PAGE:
• The geometry information gets pulled along through the Shape attribute of the featureclass I'm mapping from. In this example, contactsandfaultsview.Shape AS Shape means I'll end up with a field called "Shape" in my view, and it will store the geometry information that was included in my contactsandfaultsview (and the ContactsAndFaults featureclass originally).
  • Save the view. Give it a name. Remember that name.

Trick ArcSDE Into Thinking the View is a FeatureClass

Now, back to command-line. You'll write a command like this one:

sdelayer -o register -l ActiveFaultTemplate,Shape -e l -C OID -t GEOMETRY -R 3 -i sde:sqlserver:malachite -s malachite -D QuaternaryFaults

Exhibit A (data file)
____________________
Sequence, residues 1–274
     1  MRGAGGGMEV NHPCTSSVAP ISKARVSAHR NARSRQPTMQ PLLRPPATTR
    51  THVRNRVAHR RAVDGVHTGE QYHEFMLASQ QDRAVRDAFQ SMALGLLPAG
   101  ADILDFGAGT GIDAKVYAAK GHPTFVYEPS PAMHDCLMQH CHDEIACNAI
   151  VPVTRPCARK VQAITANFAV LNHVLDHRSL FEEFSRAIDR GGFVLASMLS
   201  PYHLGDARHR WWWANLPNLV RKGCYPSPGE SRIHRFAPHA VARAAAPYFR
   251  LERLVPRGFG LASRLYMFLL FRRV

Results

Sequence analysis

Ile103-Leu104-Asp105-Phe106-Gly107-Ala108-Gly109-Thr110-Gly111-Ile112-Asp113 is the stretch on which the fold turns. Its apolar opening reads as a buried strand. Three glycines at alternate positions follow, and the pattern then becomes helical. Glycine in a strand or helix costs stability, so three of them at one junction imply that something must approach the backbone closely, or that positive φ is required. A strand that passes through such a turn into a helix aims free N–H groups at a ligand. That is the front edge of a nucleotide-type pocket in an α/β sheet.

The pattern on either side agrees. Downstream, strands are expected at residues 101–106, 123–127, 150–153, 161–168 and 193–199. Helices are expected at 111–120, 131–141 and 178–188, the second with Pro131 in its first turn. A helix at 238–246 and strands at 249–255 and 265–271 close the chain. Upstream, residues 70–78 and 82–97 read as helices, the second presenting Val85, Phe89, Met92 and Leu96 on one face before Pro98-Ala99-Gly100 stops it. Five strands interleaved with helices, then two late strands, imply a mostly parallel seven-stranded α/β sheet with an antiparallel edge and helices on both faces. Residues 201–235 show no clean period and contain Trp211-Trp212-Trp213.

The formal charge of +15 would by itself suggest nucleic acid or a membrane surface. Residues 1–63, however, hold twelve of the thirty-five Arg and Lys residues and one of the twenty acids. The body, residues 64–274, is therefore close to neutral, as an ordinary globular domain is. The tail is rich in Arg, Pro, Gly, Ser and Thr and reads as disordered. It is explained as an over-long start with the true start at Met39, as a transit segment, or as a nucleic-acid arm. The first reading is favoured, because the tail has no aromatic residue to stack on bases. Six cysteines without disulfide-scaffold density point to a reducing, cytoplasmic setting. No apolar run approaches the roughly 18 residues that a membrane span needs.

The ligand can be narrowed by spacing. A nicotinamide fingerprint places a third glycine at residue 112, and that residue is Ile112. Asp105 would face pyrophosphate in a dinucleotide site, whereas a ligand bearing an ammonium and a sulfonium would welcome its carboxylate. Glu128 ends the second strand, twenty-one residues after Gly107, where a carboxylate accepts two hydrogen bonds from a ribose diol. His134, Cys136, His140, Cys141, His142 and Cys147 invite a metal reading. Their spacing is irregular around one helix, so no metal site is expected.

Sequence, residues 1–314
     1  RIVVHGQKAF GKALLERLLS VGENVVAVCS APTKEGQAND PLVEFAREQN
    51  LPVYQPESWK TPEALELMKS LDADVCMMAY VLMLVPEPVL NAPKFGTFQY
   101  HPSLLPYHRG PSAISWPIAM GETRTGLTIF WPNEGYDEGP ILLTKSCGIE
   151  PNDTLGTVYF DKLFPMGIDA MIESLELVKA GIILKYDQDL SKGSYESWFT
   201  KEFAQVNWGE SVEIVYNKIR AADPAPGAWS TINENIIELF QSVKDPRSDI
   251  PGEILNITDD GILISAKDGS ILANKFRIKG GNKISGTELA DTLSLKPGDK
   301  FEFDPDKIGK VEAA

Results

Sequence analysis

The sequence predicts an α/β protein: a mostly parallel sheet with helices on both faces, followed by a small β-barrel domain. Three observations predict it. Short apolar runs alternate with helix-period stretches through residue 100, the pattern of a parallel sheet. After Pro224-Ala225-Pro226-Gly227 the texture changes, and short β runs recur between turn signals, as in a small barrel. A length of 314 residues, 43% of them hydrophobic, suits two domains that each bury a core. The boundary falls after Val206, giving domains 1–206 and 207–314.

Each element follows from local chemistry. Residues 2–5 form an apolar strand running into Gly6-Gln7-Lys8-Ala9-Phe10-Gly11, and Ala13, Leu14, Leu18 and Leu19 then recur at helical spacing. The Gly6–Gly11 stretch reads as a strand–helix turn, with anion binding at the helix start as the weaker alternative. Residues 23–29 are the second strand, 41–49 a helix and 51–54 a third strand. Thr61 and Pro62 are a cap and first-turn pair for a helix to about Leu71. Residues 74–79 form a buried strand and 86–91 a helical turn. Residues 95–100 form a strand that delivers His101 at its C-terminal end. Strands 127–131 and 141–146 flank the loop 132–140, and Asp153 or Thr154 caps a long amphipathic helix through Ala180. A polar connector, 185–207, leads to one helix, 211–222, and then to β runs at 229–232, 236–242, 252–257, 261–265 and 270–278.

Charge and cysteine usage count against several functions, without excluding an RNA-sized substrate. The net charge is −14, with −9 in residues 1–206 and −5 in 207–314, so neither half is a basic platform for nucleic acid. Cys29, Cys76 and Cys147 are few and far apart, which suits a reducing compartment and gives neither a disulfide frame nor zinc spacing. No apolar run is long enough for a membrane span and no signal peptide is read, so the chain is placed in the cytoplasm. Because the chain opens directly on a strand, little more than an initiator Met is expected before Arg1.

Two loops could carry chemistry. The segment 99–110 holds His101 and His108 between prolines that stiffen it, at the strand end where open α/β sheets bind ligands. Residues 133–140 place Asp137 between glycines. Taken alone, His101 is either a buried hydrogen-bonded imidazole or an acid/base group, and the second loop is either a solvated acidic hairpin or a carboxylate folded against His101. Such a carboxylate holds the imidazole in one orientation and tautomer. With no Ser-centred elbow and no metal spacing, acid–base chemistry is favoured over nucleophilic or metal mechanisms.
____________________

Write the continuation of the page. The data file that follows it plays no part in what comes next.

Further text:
Here's the breakdown of what it means:

  • sdelayer: This function is an ArcSDE function used to administer SDE layers
  • -o register: defines the operation we wish to run. We want to register a new layer.
  • -l ActiveFaultTemplate,Shape: defines the name of the view that we want to turn into a featureclass, and the name of the column in that view that contains the feature geometries
  • -e l: defines an "entity mask" which (as I understand it) is kind of like specifying the type of feature (point, line, polygon, etc.) l  is for line.
  • -C OID: defines the field to be used as a surrogate ObjectID. If you don't have this, you won't be able to select features in the resulting featureclass.
  • -t GEOMETRY: defines the geometry storage type. I use native SQL Server geometries -- this may be different if you don't.